Sometimes the most rewarding
experiences are the ones not everyone is talking about. Take a day to
experience the Staunton River with us and discover what we mean about this
beautiful, unique and varied fishery.
The Staunton River represents the section of the Roanoke River from
Leesville Lake to Clarksville, at the mouth of Kerr Reservoir (aka Buggs
Island Lake). The Roanoke originates near Christiansburg in
Montgomery County; below its journey as the Staunton, the river eventually
flows into Albemarle Sound near Edenton NC, which opens into further south
Pamlico Sound near Cape Hatteras.
Our fishing experience on the Staunton began in 1969. Angler's Lane
owner Doug Lane first fished it as a boy in the Altavista area, and started
fishing it frequently in 1989 soon after Appalachian Power agreed to strobe
releases from Leesville dam instead of the once-a-day releases which caused much erosion and prevented healthy spawning of black bass.
The steady releases allowed the smallmouth bass to flourish. Doug grew
up a long block uphill of the river and would venture down to wet a hook,
only to be disappointed as the surge began around noon ending the productive
fishing immediately. (Anyone fishing the Smith River these days can
relate.) Over these 40+ years he has learned about the river with
local fishermen, most of whom have been extremely tight-lipped about it,
until he got to know them better. As time has progressed he has taken
on some of the same characteristics as these fishing curmudgeons.
Our trips on the Staunton
primarily target smallmouth bass from April through mid-October.
During the spring we also focus on striped bass which migrate upriver from
Kerr Reservoir. Largemouth and
Kentucky (spotted bass) abound in some years, including 2012. While we
consistently aim for black bass (smallmouth, largemouth and Kentucky), we enjoy the variety which
this river offers. Walleye flourish in the Staunton, as do catfish and
carp--two hard fighting fish which do not get the respect they deserve.
Bream and red-ear sunfish are usually present in strong numbers, and
occasionally we land the Roanoke bass (ambloplites cavifrons)
peculiar to this river basin. The most elusive is the long-nosed gar,
which is easier to hook than it is to land.
Access on the Staunton is relatively limited. With only four Va State managed
public landings from the dam to Brookneal, public landings are fewer than on
the James, Shenandoah or New Rivers. The parks in Altavista and Long
Island offer some decent options for short floats. Leesville Dam to Altavista stretches 12 miles, while
Long Island and Brookneal runs at least 11.5 mi; plan on a long day if
you intend to float these latter stretches.
We have guided many clients on the Staunton each year since opening Angler's
Lane in 1998, own property on it and have been blessed with amicable
landowner relationships along the river since 1992. We fish this river
often and can guide you pretty much anywhere along the 48 miles from
Leesville Dam to Brookneal (and Clarkton below Brookneal). While we
are typically on the water 8 - 9 hours, we can shorten or lengthen the float
to meet client preferences. Not every float needs to be long in distance,
and a variety of short floats helps during summer months when thunderstorms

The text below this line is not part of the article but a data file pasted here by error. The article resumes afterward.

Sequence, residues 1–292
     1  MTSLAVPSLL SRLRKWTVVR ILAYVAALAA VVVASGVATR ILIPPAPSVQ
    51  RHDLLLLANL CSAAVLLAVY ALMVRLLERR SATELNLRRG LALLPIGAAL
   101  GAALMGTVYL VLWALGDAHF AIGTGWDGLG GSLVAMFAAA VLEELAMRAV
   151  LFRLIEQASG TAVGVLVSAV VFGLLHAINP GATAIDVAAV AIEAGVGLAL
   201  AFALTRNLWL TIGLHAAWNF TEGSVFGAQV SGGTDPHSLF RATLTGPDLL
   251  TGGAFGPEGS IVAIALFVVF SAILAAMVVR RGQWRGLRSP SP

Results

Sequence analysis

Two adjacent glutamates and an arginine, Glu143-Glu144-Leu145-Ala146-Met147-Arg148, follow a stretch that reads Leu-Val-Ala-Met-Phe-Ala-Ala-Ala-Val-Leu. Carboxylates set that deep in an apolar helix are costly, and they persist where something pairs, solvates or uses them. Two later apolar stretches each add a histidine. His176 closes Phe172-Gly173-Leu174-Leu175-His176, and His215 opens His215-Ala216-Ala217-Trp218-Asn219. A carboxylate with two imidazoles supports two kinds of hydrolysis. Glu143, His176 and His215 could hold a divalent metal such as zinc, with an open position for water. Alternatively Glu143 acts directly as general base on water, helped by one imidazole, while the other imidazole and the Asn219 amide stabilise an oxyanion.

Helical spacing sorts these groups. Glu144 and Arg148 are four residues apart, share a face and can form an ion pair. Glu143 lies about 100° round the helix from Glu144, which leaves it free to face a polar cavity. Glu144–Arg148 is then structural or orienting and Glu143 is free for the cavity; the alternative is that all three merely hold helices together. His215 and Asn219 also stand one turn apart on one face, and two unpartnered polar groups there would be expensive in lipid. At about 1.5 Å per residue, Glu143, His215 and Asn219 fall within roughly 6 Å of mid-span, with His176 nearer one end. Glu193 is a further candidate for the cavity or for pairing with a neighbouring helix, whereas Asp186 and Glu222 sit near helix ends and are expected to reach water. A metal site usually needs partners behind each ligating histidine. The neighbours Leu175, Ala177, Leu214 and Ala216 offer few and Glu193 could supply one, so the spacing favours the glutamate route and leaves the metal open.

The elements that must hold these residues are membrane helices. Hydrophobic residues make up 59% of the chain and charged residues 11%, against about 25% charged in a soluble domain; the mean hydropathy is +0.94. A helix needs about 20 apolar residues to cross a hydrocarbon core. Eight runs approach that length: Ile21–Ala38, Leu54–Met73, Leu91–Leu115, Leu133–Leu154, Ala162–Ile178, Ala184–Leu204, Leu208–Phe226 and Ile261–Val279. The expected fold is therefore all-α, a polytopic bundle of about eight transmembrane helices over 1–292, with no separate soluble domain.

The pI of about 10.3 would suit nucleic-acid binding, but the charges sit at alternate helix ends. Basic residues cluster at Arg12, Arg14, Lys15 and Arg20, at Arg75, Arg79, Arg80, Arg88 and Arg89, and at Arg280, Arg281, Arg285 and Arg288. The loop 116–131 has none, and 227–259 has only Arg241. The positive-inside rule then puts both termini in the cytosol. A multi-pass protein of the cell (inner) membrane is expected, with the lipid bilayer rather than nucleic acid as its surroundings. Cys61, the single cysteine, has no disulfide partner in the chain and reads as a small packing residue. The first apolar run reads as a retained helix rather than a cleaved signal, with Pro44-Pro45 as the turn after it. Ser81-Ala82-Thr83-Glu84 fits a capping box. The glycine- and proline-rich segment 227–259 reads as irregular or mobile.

roll in. One float starts and finishes on our property, and can take 4
to 9 hours to work properly. Knowing which stretches to float and when
is a major part of the challenge, as feeder creeks can change water color if
one is not paying attention to flows. The good Lord keeps the river
interesting each trip, usually in a good way as we tangle into surprise
species or big fish each year.
One frequently-asked question: Where did the river get its name?
According to Herman Ginther, author of Captain Staunton's River
Staunton is said to originate from Captain Henry Staunton, a soldier of the
Revolutionary War, who earlier was in command of a company of soldiers
organized to patrol the river valley from the mountains to the mouth of the
Dan to protect earlier white settlers from incursions of the Indians."
The second possibility mentioned by Ginther and Dianne Popek in her
Tracks along the Staunton
is that Sir William Gooch, Gov
of Virginia from 1727 to 1749 changed the name of this section from Roanoke
to Staunton naming it after is wife, Lady Rebecca Staunton Gooch.
Neither the smallmouth nor waterfowl seem to care from whence the river's
Frequently our treasured rivers encounter environmental threats, and the
Staunton is no exception. As of early 2013 the uranium mining lobby is
rallying its troops to lift a ban on uranium mining in Pittsylvania County
in the Roanoke Staunton River watershed. At this time we are opposed
to lifting this
ban on uranium mining due to the potential threat to water quality on
the Staunton. The ban has existed since 1982, and we would need much
more information to change our minds that mining the uranium in these
deposits will present a significant danger to our water supply and our
As for our trps on the Staunton,
Doug floats from a 15' Maravia Willowaw II raft outfitted with generous,
comfortable bass boat seats for float fishing (see photo on right).
Each spring we hear sales pitches from driftboat reps, but seldom see or
hear them in the mid to late summer as the water drops to bottom-scraping levels.
Many clients prefer fly fishing while others will spin fish; we are prepared
for both. All trips are catch and release.
If you want to float fish the Staunton with an experienced guide and get the
most out of a days fishing on this Virginia Scenic River, give us a call or
book a trip now pending availability.